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VRSchubert- Day 1: Lewis on Schubert


In anticipation and celebration of Paul Lewis’ performance of the Late Schubert Sonatas on October Tuesday, October 23, the VRS is embarking on 23 days of tweets, Facebook and blog posts about the life and work of Franz Schubert and this celebrated interpreter of his music.

Follow us daily on Twitter with the hashtag #VRSchubert, visit, or check back in with us each day at

Paul Lewis has been described by Gramophone Magazine as “arguably the finest Schubert interpreter of his generation.” Modest as he is, here is the artist’s perspective on performing music by Franz Schubert:

“This is the music I love, and my hope is that the people who come and hear it can love it too. That the experience will be long-lasting – and if it is, it will be because of Schubert.” – Paul Lewis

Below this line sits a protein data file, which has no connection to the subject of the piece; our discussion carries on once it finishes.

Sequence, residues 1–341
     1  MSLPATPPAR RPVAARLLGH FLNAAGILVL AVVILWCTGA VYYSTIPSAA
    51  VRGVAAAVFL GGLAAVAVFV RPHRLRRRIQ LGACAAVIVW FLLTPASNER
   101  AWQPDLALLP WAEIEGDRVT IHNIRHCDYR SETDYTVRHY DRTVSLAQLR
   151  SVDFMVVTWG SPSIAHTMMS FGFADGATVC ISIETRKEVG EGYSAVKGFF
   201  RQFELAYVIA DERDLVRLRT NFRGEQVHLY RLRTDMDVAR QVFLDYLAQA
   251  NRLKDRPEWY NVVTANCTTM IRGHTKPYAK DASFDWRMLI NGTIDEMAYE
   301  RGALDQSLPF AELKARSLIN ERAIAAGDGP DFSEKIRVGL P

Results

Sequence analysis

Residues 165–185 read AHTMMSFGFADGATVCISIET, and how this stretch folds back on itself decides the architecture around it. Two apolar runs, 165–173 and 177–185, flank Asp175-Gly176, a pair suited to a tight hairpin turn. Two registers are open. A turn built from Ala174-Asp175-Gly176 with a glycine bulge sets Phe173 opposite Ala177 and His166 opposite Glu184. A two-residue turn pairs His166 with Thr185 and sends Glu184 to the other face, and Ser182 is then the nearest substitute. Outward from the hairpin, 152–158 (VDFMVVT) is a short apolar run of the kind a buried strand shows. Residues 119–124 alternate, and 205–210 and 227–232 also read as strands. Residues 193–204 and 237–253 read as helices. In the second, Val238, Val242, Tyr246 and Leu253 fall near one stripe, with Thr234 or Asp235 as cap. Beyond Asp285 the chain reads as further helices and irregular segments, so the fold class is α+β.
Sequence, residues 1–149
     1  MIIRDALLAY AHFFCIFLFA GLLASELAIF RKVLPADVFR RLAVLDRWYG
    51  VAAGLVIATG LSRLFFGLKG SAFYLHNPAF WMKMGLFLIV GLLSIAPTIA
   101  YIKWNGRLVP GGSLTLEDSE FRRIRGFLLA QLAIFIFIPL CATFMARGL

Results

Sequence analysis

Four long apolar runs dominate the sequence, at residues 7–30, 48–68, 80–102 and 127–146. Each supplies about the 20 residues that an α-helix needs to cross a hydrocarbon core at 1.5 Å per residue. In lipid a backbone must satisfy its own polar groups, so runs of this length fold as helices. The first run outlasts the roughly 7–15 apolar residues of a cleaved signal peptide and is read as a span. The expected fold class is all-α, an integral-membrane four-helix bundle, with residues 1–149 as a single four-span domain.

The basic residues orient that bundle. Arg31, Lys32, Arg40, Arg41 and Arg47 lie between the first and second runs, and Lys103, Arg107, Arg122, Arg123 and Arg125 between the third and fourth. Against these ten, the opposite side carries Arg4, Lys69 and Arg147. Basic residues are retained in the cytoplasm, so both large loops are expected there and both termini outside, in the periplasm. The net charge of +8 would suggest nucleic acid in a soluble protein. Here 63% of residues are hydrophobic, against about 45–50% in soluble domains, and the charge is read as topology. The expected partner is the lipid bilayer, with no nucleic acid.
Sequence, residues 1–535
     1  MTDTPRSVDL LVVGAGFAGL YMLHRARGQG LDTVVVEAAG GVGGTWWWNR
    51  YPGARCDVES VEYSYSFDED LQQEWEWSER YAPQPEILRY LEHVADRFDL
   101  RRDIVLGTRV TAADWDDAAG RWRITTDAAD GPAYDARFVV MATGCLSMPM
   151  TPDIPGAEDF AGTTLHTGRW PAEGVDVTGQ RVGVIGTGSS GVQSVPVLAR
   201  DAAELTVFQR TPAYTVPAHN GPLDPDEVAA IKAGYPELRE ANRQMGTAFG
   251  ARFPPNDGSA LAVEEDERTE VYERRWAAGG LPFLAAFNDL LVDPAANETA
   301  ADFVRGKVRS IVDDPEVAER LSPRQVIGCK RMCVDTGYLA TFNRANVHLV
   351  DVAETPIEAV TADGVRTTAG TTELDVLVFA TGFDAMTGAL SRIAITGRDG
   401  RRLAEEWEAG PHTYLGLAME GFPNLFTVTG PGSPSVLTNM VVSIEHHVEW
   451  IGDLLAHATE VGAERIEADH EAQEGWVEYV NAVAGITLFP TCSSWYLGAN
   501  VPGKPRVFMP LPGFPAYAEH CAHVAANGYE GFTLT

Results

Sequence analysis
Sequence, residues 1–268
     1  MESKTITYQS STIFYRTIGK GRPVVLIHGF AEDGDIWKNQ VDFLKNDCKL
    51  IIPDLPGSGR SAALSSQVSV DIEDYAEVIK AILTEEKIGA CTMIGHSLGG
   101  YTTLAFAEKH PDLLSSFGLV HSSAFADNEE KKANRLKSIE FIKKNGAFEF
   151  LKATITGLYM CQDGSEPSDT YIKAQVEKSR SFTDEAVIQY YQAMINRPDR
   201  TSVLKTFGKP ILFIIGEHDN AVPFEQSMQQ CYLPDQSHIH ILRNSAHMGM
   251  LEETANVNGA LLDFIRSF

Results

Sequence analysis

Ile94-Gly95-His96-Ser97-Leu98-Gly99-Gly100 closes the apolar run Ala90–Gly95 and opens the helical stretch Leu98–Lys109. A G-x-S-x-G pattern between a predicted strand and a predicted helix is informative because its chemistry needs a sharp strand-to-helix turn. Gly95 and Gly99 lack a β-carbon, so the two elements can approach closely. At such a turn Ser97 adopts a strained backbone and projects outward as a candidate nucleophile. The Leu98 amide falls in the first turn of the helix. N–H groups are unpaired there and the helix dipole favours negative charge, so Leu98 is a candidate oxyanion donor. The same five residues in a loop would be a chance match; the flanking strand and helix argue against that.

Spread the word and save: if you re-tweet or re-post any of our VRSchubert posts, you have the opportunity to save 25% on regularly priced tickets. Call our box office to reserve your tickets: 604-602-0363.

Small print: discount on A, B, C, D price section not to be combined with other offers.

Three Violins and the Talented Trio


Imagine my delight when I received an email from Jonathan Chan in London, where he is studying at the Guildhall, telling me that he had been awarded the 1715 Dominicus Montagnana violin on loan from the Canada Council Musical Instrument Bank.  Canada’s finest young talents compete for the opportunity to use these instruments for a period of time. The competition is tough.